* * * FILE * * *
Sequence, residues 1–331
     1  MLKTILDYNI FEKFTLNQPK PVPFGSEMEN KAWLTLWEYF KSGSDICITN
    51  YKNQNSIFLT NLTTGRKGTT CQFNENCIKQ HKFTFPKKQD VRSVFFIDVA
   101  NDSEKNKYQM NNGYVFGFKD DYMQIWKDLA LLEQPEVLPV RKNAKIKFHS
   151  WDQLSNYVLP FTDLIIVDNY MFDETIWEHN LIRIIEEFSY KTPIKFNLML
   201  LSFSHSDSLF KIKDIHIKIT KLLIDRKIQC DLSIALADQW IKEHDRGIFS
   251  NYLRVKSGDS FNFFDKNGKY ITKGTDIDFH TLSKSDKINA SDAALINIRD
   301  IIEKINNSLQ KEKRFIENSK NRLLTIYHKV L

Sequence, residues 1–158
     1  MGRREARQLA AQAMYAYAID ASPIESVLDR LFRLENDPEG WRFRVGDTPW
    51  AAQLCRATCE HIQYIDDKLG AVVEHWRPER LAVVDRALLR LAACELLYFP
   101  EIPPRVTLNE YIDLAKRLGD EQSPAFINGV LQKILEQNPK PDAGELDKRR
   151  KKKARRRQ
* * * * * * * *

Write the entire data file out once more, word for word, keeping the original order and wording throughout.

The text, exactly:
Sequence, residues 1–331
     1  MLKTILDYNI FEKFTLNQPK PVPFGSEMEN KAWLTLWEYF KSGSDICITN
    51  YKNQNSIFLT NLTTGRKGTT CQFNENCIKQ HKFTFPKKQD VRSVFFIDVA
   101  NDSEKNKYQM NNGYVFGFKD DYMQIWKDLA LLEQPEVLPV RKNAKIKFHS
   151  WDQLSNYVLP FTDLIIVDNY MFDETIWEHN LIRIIEEFSY KTPIKFNLML
   201  LSFSHSDSLF KIKDIHIKIT KLLIDRKIQC DLSIALADQW IKEHDRGIFS
   251  NYLRVKSGDS FNFFDKNGKY ITKGTDIDFH TLSKSDKINA SDAALINIRD
   301  IIEKINNSLQ KEKRFIENSK NRLLTIYHKV L

Sequence, residues 1–158
     1  MGRREARQLA AQAMYAYAID ASPIESVLDR LFRLENDPEG WRFRVGDTPW
    51  AAQLCRATCE HIQYIDDKLG AVVEHWRPER LAVVDRALLR LAACELLYFP
   101  EIPPRVTLNE YIDLAKRLGD EQSPAFINGV LQKILEQNPK PDAGELDKRR
   151  KKKARRRQ